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Old November 11, 2013, 10:40 PM   #1
turps
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Nice 1909 Colt

A decent 1909 Long Colt I picked up a few years ago.It came with a nice holster and a box of 1909 Long Colt. They were not made in great numbers for army use and even fewer numbers went to the marines.
Thanks for looking,
Joe
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Old November 12, 2013, 07:14 PM   #2
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That is a nice one. I finally got one a couple of years ago but it was refinished and Parkerized. Still an uncommon gun and an almost unknown link between the .38 Colt revolvers of the 1892-1909 period and the .45 M1911 pistol. The cartridge is a unique also, never having been made commercially. They were made only by Frankford Arsenal and have larger rims than the .45 Colt to prevent the extractor from jumping the rim.

Jim
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Old November 13, 2013, 07:47 AM   #3
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1909 Colt

These 1909 Colts work fine with standard velocity modern 45 Colt ammunition. From what I have read the thicker rimmed 45 Colt ammunition made specifically for the 1909 Colt will chamber in the Colt Single Action, but because of the thicker rims it is necessary to skip a chamber to keep the rims from overlapping, effectively reducing the single action to a three-shooter, but I have never personally had the chance to examine any of this thick rimmed 45 Colt made for the 1909 New Service. Modern Colt 45 brass has a thicker rim than the cartridge came out with originally.

If you do run across any of this original Frankfort Arsenal ammunition loaded for the 1909 Colt don't shoot it. Aside from the collector value of the ammunition, Frankfort Arsenal had a run of ammunition that double charged the original 7 grain loads of Bullseye and they blew up a number of guns before they corrected the problem with a new powder aptly named RSQ which came to the rescue because it was too bulky to double load.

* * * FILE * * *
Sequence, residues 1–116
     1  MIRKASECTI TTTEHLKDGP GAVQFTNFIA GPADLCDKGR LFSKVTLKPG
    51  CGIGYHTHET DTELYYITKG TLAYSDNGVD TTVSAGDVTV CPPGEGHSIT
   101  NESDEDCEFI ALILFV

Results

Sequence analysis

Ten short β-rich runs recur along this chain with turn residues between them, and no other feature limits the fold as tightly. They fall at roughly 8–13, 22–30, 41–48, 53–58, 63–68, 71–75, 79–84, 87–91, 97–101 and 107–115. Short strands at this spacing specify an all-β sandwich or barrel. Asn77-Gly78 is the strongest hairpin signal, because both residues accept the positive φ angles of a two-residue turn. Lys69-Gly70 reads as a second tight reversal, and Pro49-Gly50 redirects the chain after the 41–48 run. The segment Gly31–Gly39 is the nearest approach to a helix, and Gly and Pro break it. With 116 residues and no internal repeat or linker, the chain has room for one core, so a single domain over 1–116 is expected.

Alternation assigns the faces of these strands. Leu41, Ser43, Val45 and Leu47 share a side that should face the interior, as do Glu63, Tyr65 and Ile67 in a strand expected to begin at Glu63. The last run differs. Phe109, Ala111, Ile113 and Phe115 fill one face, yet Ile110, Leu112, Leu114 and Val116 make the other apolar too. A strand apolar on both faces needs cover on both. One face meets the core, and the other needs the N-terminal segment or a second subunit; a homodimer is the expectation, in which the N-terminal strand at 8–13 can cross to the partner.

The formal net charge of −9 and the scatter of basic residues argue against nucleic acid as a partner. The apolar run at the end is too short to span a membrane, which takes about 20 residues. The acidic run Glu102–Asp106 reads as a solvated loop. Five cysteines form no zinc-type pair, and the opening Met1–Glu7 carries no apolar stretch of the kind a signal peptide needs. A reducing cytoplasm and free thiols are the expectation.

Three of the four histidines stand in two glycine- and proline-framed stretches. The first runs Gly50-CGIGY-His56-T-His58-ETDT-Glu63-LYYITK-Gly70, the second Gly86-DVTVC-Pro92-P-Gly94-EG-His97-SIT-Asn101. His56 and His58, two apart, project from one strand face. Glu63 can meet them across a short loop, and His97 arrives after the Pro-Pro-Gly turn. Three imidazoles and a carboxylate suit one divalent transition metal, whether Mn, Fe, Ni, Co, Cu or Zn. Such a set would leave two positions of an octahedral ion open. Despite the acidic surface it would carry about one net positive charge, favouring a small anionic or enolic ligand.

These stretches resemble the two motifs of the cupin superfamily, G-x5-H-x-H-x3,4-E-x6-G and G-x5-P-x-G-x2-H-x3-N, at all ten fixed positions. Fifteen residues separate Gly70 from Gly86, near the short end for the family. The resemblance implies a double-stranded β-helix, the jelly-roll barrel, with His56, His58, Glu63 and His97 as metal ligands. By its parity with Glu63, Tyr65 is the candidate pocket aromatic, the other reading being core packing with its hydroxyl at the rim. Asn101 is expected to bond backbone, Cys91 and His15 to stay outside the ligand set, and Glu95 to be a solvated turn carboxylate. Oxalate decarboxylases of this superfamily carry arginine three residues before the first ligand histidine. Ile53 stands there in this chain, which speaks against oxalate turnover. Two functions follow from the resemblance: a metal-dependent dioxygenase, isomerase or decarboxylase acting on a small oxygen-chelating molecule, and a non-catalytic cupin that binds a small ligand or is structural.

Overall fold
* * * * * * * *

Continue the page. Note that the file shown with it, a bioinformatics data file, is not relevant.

The best sources to learn more about your new acquisition are The Colt New Service Revolvers by Bob Murphy and Colt's New Service Revolver by Timothy J. Mullin. Both of these books are very good the only criticism I have of Mullins's book is his statement that nobody he ever knew still carried the old Colt New Service for defense, and that's not really a criticism. He just didn't know me. I often carry a heavily worn 1909 model New Service. When something goes bump in the night, I know its nothing compared to what that old Colt has seen.
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Old November 14, 2013, 08:51 PM   #4
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There has been some discussion on that RSQ powder, but IMHO, the most likely story is that the letters actually stood for "Revolver, Special Quality", and that the "rescue" was a joke by Major K.K.V. Casey when he wrote DuPont that their powder had "rescued" the revolver project.

Jim
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Old November 14, 2013, 09:41 PM   #5
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Nice! Is the holster that came with it the same vintage? I'd love to see a photo of it. Thanks for sharing!
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Old November 15, 2013, 08:09 AM   #6
turps
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I added some pictures of the holster and unopened box of ammo.
Thanks for the comments on my thread,
Joe (U.S. imprinted on the front of the holster)
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Old November 15, 2013, 10:24 AM   #7
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Cool revovler and nice holster.

Is that the military issue holster?
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Old November 15, 2013, 01:23 PM   #8
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Jim K,
You have a collection of period information, including a slightly different take on the naming of RSQ.

So, do you also know why the 1909 is a New Service in .45 Long Colt for which FA produced large rim cartridges instead of the official 1906 Revolver round, companion to the official 1906 Pistol spec set out by Frankford?

The only thing I can think of is that it let them buy guns pretty much off the shelf instead of fooling with a new set of specifications and chamber reamers.
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Old November 15, 2013, 03:10 PM   #9
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JamesK,